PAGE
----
Address: 65 Victoria Road, Saltaire
Parents: A Coultas
Spouse: Yes
Rank: Pte
Rolls of Honour:
Regiment: 1/16 West Yorkshire
Wilfred Coultas
We have two letters that Pte Coultas wrote to his wife in June 1915, which describe his life in the trenches. “I am still in tip top condition although at the present time I could do with a good long sleep and then a good feed and a hot bath. We have fireworks every night and I can assure you there are no dummies – they are all crackers – and the more you keep your head down the longer you are likely to live. In the pub We look over the top sometimes to see what is going on and as soon as we do one or two bullets come past our head and we bob down and thank God they have missed. Last weekend we were in a pub when the Germans started shelling the place. The sale of beer was stopped and the people in charge ran all over the house but they did not forget to take the till with them.
We get plenty of amusement out here one way or another and also some excitement. The other day a comrade and I were sent to try and find a sniper who had been bothering our chaps but the enemy started shelling and as it was getting a bit hot we came in again. On our return pieces of shell, shrapnel and bullets kept dropping around us too near to be pleasant. I have heard it said in England that the Germans are bad shots but don’t believe it. I do not mind rifle or even shell fire but I do detest the trench mortars as they make a noise like the crack of doom and it is doom for anyone who is unlucky enough to be in the way. A fortnight later he wrote that although he had been in the trenches five weeks he had not yet seen a German, but he was very aware they were there. “In the day time the Germans keep their heads down and so do the English for it does not pay to be too inquisitive.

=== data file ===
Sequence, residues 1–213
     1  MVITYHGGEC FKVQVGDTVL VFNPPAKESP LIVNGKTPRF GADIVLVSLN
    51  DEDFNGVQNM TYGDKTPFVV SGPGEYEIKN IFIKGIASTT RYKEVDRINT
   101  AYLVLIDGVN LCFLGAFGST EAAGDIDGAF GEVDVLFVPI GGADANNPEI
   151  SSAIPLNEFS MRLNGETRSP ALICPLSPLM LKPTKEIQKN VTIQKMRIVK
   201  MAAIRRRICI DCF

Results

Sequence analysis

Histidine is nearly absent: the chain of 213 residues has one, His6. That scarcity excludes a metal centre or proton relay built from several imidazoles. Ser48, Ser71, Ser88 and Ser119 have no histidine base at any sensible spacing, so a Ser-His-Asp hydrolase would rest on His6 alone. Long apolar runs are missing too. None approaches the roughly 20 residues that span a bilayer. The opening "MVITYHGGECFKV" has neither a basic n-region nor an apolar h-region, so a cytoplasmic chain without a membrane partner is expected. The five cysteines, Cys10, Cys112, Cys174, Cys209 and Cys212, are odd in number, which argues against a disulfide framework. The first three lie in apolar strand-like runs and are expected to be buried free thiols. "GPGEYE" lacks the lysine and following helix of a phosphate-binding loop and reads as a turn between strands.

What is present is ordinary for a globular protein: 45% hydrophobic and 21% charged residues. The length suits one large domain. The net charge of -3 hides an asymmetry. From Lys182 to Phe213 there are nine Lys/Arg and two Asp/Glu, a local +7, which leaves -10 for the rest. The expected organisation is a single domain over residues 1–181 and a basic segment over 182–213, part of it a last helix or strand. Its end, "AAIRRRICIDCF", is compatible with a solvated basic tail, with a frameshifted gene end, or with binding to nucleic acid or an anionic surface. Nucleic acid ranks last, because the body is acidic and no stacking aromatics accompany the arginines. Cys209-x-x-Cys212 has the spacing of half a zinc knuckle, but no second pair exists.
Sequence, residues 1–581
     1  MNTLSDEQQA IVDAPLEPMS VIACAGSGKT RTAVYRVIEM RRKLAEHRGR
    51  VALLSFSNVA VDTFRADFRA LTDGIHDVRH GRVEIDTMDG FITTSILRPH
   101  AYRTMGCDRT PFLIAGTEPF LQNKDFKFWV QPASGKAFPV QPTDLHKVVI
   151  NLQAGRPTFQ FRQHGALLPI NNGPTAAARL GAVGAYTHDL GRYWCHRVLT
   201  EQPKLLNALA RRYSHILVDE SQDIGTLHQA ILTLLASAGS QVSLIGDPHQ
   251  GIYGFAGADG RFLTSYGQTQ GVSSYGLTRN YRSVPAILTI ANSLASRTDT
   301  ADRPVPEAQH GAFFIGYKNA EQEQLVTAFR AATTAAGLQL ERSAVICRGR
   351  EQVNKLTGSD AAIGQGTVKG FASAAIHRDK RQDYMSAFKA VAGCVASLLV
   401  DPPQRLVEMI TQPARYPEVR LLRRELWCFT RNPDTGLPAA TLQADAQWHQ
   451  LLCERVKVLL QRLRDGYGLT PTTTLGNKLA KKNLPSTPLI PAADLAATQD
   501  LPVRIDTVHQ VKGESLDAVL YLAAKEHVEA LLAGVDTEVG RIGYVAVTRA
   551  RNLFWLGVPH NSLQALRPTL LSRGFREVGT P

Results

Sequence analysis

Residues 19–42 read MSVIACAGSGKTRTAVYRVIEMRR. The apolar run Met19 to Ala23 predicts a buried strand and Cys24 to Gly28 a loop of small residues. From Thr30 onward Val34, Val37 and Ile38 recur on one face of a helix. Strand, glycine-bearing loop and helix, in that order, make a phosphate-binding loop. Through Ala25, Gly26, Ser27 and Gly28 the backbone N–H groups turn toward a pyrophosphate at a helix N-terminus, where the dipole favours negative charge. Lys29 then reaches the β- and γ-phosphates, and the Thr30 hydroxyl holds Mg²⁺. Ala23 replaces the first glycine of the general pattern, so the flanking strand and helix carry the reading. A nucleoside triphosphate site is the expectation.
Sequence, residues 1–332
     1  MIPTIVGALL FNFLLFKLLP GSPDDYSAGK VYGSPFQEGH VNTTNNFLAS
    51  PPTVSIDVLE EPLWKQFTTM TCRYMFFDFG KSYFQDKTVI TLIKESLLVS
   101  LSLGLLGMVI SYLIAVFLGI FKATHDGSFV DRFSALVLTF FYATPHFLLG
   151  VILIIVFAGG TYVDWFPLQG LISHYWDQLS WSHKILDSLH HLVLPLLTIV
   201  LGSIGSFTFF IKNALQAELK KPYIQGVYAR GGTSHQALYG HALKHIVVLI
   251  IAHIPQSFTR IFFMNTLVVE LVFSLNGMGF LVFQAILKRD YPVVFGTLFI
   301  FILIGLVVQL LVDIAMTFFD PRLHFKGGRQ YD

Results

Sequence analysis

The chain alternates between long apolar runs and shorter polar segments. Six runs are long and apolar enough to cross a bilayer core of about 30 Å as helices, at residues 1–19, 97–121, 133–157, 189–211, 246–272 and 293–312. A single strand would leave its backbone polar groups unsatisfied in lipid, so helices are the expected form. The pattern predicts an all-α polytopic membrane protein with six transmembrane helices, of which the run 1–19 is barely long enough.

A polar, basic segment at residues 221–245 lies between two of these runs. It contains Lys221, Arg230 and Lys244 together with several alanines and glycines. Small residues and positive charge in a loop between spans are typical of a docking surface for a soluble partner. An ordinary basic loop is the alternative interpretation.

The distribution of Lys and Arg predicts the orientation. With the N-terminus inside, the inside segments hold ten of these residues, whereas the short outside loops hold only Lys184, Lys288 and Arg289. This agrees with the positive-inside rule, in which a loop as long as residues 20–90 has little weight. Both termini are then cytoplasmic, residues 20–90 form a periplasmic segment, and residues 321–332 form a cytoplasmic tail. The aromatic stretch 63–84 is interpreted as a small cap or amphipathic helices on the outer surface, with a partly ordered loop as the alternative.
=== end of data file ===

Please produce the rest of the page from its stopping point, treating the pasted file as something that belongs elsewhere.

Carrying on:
At night, however, we are compelled to take greater risks as it is necessary for us to keep a sharp look out.’ He described how the men entertained themselves with impromptu concerts, taking great delight in teasing the Germans. Operatic to rag-time The music ranged from operatic to rag-time. A great favourite was ‘Has anyone seen a German band?’ “Our instruments consisted of drums, three combs, a mouth organ and a tin biscuit box and those who had nothing to play furnished the vocal parts and they did let it go, especially the German band song. The Huns must have heard us for they sent dozens of shots over but they were all wasted. They had not the slightest effect on our entertainment, which went on until nearly nine o’clock in the morning.”
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